Meet the Media: Nico Simino, assignment editor at KING 5

In this Meet the Media interview, Nico Simino, assignment editor at KING 5, shares his insights into coordinating breaking news, collaborating with newsroom teams, adapting to evolving situations and leveraging technology. Nico offers valuable perspectives for those interested in pursuing a career as an assignment editor. 

Nico Simino

Can you share a bit about your background and how you got started in journalism, specifically as an assignment editor?

During my college years, I found my passion for journalism at my college radio station. Despite initially studying aviation, the experience sparked my interest in pursuing journalism as a viable career. My love for college radio led me to explore opportunities back in my hometown of New York City, hoping to secure a position in radio. However, things took a different turn, and I found myself contributing to various local newspapers and news websites.  

Driven by a desire for stability, I transitioned to TV news, recognizing it as a more secure industry compared to the turbulent nature of print journalism. The industry was undergoing significant challenges, with many newspapers struggling due to dwindling ad revenue. Venturing into freelance work as a stringer, I found my way into the world of television. This freelance work eventually opened doors for me at a prominent New York TV station. It was there that I began my role as an assignment editor, bringing together my diverse experiences and skills to contribute to the dynamic field of news reporting.  

What does a typical day look like for you as an Assignment Editor at KING 5? Could you walk us through your daily responsibilities?

The beauty of my role as an assignment editor at KING 5 is that every day brings something new and unique. Unlike our photographers who are out in the field, my domain is behind the desk in the office. Here, I deal with a myriad of news stories, spanning from shootings, house fires, and water rescues to plane crashes, political announcements, and scandals involving city council members. The diversity of daily challenges is what makes this job truly exhilarating for me.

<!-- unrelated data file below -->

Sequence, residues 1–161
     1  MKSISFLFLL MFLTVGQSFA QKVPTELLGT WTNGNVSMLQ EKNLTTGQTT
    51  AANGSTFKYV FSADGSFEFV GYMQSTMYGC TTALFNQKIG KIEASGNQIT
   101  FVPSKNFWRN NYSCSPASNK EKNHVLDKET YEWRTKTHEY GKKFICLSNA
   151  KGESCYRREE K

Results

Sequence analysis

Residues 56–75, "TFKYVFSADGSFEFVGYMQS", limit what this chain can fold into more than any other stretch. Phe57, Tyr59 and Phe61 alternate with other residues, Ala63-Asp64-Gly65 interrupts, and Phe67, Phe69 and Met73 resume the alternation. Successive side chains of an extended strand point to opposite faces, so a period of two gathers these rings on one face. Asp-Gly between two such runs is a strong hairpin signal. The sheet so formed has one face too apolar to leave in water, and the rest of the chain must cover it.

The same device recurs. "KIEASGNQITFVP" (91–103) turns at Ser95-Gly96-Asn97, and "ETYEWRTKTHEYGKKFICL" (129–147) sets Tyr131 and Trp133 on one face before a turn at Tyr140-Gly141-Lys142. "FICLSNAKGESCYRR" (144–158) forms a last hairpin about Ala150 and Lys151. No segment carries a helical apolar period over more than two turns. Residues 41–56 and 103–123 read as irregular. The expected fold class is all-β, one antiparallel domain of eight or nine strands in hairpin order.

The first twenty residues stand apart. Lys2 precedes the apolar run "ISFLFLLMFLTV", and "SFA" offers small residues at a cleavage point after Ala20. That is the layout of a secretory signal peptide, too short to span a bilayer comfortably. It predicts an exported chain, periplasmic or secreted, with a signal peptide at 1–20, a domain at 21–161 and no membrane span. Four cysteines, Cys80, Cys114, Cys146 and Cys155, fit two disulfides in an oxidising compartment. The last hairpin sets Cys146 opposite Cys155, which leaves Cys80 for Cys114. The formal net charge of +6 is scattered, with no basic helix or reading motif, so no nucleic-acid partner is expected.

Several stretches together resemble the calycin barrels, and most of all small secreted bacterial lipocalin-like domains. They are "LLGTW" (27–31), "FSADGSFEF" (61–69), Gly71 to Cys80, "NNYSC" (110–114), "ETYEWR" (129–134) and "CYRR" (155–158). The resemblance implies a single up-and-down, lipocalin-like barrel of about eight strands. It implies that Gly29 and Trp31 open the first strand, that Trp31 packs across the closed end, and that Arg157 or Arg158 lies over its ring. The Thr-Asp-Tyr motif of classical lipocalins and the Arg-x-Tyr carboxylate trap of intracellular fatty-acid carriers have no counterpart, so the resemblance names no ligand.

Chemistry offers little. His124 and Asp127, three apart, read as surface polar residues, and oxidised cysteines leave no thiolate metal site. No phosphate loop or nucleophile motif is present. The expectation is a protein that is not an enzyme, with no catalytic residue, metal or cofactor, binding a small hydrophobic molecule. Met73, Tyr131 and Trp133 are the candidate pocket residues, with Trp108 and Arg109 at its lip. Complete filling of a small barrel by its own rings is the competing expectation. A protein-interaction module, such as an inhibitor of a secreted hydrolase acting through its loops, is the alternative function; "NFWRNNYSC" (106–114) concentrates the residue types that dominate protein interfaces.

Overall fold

On an average day, I kick-start my morning by reviewing the reports and pitches to determine the stories that best align with our news coverage, which happens later in the afternoon. Morning editorial meetings are crucial, where we sift through a list of potential stories and solidify our ideas. Once we’ve narrowed down our choices, I collaborate with reporters, assisting them in refining their stories, confirming information, and reaching out to various spokespeople or setting up interviews. 

Throughout the day, my role evolves into constant monitoring, staying on top of unfolding events, be it a shooting, a fire, or breaking legislative and political news. The anticipation builds until our newscasts begin at four. It’s a dynamic period where the culmination of our collective efforts takes center stage. We can finally breathe a sigh of relief as the stories we’ve been meticulously working on unfold on the screen. While we continue to monitor ongoing events, the completion of our shift, which falls into the day part, allows us to momentarily take a breather. The news never stops, but at least during our shift we can reflect on the impact of our work as we watch the stories we’ve crafted come to life. It’s a truly fascinating and rewarding experience. 

How do you coordinate coverage of breaking news or major events? What strategies do you employ to ensure comprehensive and accurate reporting?

In the fast-paced world of breaking news, I employ a strategy I term “triage,” learned from a former colleague. Ideally, a standby reporter would be ready, but reality differs. For events like a plane crash, I assess comprehensively, deciding on the appropriate response—photographer or full report. For major incidents like the tragic one off of Whidbey Island a few years ago, swift and coordinated responses are crucial. Dispatching crews and gathering preliminary information guide our actions. Identifying the closest reporter, I initiate calls at the assignment desk to ensure they’re well-prepared. Trust is paramount; if official sources are unavailable, reliable firsthand accounts are considered. My approach prioritizes the speed and accuracy of reporting, ensuring our audience receives timely, reliable information.